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What Is Marital Status Discrimination?

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marital status discrimination in the workplace
In New Jersey, workers have a right to fair treatment regardless of their marital status. However, some employees may face discrimination based on whether they are single, married, divorced, or widowed. This is known as marital status discrimination. Marital status discrimination occurs when an employer treats an employee or potential employee differently because of their marital status. It involves making employment decisions based on whether someone is married, single, divorced, separated, or widowed rather than their qualifications or performance. This discriminatory practice is unlawful under the New Jersey Law Against Discrimination (NJLAD).

Examples of Marital Status Discrimination

To better understand this form of discrimination, here are several examples:
  • Hiring bias: An employer may refuse to hire a qualified candidate because they are married, believing they may not devote enough time to the job due to family commitments.
  • Promotion denial: A single employee might be overlooked for a promotion in favor of a married colleague based on the misconstrued notion that marriage signifies stability.
  • Pay disparity: A divorced employee may receive a lower salary than their married counterparts performing similar tasks.
  • Workplace harassment: Employees may be subjected to offensive comments or jokes about their marital status.

Rights of Workers in New Jersey

Under the NJLAD, employers cannot discriminate against workers based on their marital status in any aspect of employment. These aspects include hiring, firing, promotions, pay, job assignments, and training. Therefore, regardless of whether you are single, married, divorced, separated, or widowed, your employer must treat you equally with respect to these employment aspects. The New Jersey Supreme Court broadly defined “marital status” as “more than the state of being single or married.” It includes being engaged, separated, undergoing a divorce, divorced, or widowed. This broad definition protects employees from discrimination based on any change in their marital status. The NJLAD also protects you from harassment based on your marital status. If an employer, supervisor, coworker, or even a customer subjects you to offensive comments or jokes about your marital status, it can constitute harassment, a form of discrimination.

What to Do if Your Rights Have Been Violated?

If you believe your rights have been violated due to marital status discrimination, it is essential to know the steps to take to protect yourself and seek justice. Here’s a detailed guide on what you can do:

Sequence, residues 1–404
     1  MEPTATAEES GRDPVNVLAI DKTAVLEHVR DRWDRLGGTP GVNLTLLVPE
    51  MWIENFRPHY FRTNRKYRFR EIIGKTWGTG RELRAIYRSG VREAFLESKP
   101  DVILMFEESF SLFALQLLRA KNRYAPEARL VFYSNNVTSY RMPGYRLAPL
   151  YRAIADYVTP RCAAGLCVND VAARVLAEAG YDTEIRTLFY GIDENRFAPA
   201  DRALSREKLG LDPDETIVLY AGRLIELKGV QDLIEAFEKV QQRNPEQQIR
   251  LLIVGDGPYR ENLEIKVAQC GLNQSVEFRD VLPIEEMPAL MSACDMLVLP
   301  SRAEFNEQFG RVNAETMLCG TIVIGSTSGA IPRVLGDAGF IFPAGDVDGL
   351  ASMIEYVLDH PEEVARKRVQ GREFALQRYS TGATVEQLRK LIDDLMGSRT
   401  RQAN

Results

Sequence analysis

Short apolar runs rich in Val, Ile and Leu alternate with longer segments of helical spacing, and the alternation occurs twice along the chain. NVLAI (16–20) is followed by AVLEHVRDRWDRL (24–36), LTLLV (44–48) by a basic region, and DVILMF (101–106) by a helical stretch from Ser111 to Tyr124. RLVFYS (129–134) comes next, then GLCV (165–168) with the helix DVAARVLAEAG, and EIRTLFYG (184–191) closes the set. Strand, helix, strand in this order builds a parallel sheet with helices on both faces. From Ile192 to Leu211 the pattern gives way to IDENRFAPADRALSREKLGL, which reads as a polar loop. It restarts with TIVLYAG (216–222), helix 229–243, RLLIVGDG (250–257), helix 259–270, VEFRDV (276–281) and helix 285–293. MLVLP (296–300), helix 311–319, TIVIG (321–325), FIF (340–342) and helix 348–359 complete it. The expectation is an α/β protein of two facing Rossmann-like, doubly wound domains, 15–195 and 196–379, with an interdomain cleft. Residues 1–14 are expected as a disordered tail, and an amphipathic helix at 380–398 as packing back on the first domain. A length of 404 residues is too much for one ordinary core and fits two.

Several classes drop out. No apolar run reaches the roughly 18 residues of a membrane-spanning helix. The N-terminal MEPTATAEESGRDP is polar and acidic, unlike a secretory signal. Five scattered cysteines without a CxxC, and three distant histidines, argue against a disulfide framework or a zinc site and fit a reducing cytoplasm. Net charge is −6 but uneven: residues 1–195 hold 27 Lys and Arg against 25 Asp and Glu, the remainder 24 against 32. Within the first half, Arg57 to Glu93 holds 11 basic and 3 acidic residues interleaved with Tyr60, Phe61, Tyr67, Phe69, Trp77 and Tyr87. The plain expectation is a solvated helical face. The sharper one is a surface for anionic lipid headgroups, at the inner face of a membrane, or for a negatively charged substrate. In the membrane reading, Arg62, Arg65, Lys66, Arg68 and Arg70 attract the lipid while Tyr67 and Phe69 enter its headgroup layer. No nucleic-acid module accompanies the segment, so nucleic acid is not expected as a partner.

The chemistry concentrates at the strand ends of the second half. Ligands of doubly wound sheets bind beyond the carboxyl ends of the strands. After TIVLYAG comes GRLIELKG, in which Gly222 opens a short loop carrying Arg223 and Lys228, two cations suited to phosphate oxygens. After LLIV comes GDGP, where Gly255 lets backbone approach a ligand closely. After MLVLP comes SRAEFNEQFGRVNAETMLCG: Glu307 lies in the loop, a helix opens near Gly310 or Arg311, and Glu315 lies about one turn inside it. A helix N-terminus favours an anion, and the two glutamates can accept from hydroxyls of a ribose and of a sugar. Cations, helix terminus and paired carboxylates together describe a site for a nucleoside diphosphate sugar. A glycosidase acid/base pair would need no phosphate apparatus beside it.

• Document everything: Start by documenting every incident of discrimination or harassment. Include dates, times, locations, people involved, and the nature of each incident. Be as detailed as possible and include direct quotes if possible. This documentation will be crucial evidence if you file a complaint or lawsuit.
  • Report the incident: Report each incident to your supervisor, HR department, or any other appropriate authority within your organization. Ensure that you follow your company’s policies for reporting discrimination. Keep copies of these reports, as they will be part of your evidence.
  • Preserve evidence: Save all relevant emails, text messages, performance reviews, or any other documents that may support your claim of marital status discrimination. This evidence can further reinforce your case.
  • Keep a record of your work performance: Maintaining records of your work performance can help refute any attempts by your employer to justify discriminatory actions based on your job performance. Include any positive feedback, awards, or commendations you have received.
  • Seek support from co-workers: If your co-workers have witnessed discrimination, ask them to provide statements supporting your claims. Their testimonials can corroborate your experiences and add weight to your case.
  • File a complaint: If you decide to proceed, your lawyer can assist you in filing a complaint with the New Jersey Division on Civil Rights (DCR) within 180 days of the discriminatory act.

Our South Jersey Employment Discrimination Lawyers at Sidney L. Gold & Associates, P.C. Can Help if You Experienced Marital Status Discrimination

Marital status discrimination is not just unfair—it is illegal. If you believe your rights have been violated, speak with our South Jersey employment discrimination lawyers at Sidney L. Gold & Associates, P.C. Call us at 215-569-1999 or contact us online to schedule your free consultation. Located in Philadelphia and Pennsauken, New Jersey, we proudly serve clients in South Jersey, including Cherry Hill, Haddonfield, Marlton, Moorestown, and Mount Laurel.

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